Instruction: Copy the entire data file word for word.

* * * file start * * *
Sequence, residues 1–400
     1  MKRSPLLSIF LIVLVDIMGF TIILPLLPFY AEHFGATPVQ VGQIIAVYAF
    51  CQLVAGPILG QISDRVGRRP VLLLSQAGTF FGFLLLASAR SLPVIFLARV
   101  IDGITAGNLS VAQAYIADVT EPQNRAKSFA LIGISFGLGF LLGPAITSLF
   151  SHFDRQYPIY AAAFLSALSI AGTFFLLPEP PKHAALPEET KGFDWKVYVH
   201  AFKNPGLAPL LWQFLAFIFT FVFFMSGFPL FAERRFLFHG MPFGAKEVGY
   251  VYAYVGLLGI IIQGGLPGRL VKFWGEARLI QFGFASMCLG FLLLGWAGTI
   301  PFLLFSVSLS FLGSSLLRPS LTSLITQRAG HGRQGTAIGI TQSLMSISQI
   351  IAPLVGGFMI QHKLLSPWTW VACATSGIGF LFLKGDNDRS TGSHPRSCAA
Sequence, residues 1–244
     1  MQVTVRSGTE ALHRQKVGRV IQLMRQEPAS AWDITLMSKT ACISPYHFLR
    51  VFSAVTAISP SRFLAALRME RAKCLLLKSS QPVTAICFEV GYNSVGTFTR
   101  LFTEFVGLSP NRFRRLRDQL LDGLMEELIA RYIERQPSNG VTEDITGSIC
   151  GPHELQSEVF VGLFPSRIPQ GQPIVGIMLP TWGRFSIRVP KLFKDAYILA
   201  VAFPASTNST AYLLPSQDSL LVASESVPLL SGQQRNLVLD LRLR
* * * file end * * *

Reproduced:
Sequence, residues 1–400
     1  MKRSPLLSIF LIVLVDIMGF TIILPLLPFY AEHFGATPVQ VGQIIAVYAF
    51  CQLVAGPILG QISDRVGRRP VLLLSQAGTF FGFLLLASAR SLPVIFLARV
   101  IDGITAGNLS VAQAYIADVT EPQNRAKSFA LIGISFGLGF LLGPAITSLF
   151  SHFDRQYPIY AAAFLSALSI AGTFFLLPEP PKHAALPEET KGFDWKVYVH
   201  AFKNPGLAPL LWQFLAFIFT FVFFMSGFPL FAERRFLFHG MPFGAKEVGY
   251  VYAYVGLLGI IIQGGLPGRL VKFWGEARLI QFGFASMCLG FLLLGWAGTI
   301  PFLLFSVSLS FLGSSLLRPS LTSLITQRAG HGRQGTAIGI TQSLMSISQI
   351  IAPLVGGFMI QHKLLSPWTW VACATSGIGF LFLKGDNDRS TGSHPRSCAA
Sequence, residues 1–244
     1  MQVTVRSGTE ALHRQKVGRV IQLMRQEPAS AWDITLMSKT ACISPYHFLR
    51  VFSAVTAISP SRFLAALRME RAKCLLLKSS QPVTAICFEV GYNSVGTFTR
   101  LFTEFVGLSP NRFRRLRDQL LDGLMEELIA RYIERQPSNG VTEDITGSIC
   151  GPHELQSEVF VGLFPSRIPQ GQPIVGIMLP TWGRFSIRVP KLFKDAYILA
   201  VAFPASTNST AYLLPSQDSL LVASESVPLL SGQQRNLVLD LRLR